Three A.M.

Three A.M. by Steven John Read Free Book Online

Book: Three A.M. by Steven John Read Free Book Online
Authors: Steven John
Tags: Dystopian, Noir, Dystopia
Albergue and offered up a huge sum of cash on her own, a wronged-man murder backstory and having done her homework on me, no less. I was staring at the worn, gray cassette as I thought about Rebecca, and twice already I had leaned forward toward my tape player to put it on; twice I’d paused, arm outstretched, and then leaned back into my seat—not yet.
    When I talked to her, I knew I’d need to feed her information that would be digested by someone else. But it’s hard not to say too much or to ask the right questions when the person you’re plugging for info isn’t the one holding the hand you need tipped. She was sharp, too. Intelligence lurked behind those smiling gray eyes. But people who think they’re smart almost invariably think they’re brighter than they actually shine. I could use that to my advantage.
    I set the cassette tape down and rose. Pacing around the place, I finished off my glass of whiskey and set it in the little kitchen alcove. I was hungry, but about all I had in the apartment was rice and beans. I tried a few pieces of old, dried-out bread, but it was too moldy. I went for the pills instead.
    I popped open the little white bottle and dumped its contents out into my palm. Four pills. Fuck. I had meant to see Salk that afternoon, but a few drinks and a bit more time than I’d expected at Heller’s had thrown my plans off. I didn’t like having that few meds around. The addictive mind never truly craves something until it’s in short supply.
    I filled my glass and stood by the window, staring out into the charcoal gray night. I felt bad for having grabbed the kid’s neck so roughly earlier. It had turned yellowish by the time I’d left him. Heller had seemed like a strung-out nuisance when I met him; now he seemed more like a lonely, sad-bastard young man. I wondered what he thought about me. He must have hated me to some extent. But I’ve been changing over the past couple of years—growing less tough, more resigned.
    I wheeled from the window and set down my glass. Moving quickly, before I could hesitate again, I shoved the cassette in the player and turned it on. For the next hour or so, I slowly got drunk and more than a few times sat with tears running down my cheeks as music filled the room and my mind. Eventually, around two o’clock, I collapsed onto my bed. I had the rare pleasure of sleeping soundly through three o’clock that night.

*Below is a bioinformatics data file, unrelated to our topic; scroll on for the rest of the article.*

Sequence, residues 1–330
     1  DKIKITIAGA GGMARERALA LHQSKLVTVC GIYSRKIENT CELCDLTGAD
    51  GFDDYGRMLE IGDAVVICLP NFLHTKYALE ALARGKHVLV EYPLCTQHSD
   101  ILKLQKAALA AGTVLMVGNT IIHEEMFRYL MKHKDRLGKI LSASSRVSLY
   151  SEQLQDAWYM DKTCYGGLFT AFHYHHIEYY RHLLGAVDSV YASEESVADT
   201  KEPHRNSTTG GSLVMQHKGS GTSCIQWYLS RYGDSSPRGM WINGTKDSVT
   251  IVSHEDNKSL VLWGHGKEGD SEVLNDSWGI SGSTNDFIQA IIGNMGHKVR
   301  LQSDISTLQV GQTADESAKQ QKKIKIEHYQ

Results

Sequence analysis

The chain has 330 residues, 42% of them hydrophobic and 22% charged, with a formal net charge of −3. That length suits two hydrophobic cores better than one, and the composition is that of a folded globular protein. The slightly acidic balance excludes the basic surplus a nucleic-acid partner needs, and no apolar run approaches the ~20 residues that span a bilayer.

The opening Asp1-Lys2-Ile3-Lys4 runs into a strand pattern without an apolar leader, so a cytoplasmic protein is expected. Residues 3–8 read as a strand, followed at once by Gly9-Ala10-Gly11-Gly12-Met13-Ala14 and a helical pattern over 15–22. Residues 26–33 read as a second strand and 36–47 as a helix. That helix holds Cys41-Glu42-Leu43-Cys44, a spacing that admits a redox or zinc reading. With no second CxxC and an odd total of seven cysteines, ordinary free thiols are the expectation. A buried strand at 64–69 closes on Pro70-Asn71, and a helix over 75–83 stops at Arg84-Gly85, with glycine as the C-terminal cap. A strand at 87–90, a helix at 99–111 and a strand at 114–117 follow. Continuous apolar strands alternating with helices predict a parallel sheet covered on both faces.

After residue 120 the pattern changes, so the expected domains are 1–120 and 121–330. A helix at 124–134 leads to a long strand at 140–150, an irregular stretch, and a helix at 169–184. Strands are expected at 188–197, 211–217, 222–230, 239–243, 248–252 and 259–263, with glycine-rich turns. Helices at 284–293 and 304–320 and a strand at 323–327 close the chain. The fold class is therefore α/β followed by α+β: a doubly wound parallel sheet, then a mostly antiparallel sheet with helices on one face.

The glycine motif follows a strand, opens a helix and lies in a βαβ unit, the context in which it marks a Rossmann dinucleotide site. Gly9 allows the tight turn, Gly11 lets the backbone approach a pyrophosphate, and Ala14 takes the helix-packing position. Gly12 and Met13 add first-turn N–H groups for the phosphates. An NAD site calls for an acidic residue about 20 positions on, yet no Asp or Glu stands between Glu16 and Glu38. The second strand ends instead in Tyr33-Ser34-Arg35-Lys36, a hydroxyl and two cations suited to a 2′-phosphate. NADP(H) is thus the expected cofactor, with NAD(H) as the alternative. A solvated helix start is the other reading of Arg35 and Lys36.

*   *   *
    As I made my way to my office the next morning, I felt uneasiness akin to the apprehension before a first date. But I needed to realize that all the conversations and exchanges that I had imagined might occur between us would not. Any words I had put in her mouth were not going to come out, so all my clever or charming rejoinders were useless. I needed to act the consummate professional I used to be and drop all the preconceptions. I stopped in the dead air behind a blower and lit a cigarette.
    “Also,” I said aloud, unconsciously gesticulating with my hands as if explaining the situation to an external self, “she won’t fuck you, Tom.”
    Hearing it ring out loud like that straightened my thinking a bit. I took a few drags off my smoke and then walked at a faster pace toward my little closet of an office. The glowing numbers on my sun sphere had read 11:18 when I left home, so it was likely now half-past. I figured I’d have at least a couple of hours to get on my game face.
    Anyone would call my office a shithole. And I knew I was not in the right mental frame when the first thing I thought upon entering was that it would make a bad impression on a refined lady. There were stacks of paper and cassette tapes strewn everywhere. A few of the photos and items Eddie had let me take as samples were piled in one corner. My chair is a dumpy wood and cloth thing I found in an alley. Tripped over is more accurate. Before finding it, I’d sat on a metal folding chair for almost two years, and that’s where I was going to put

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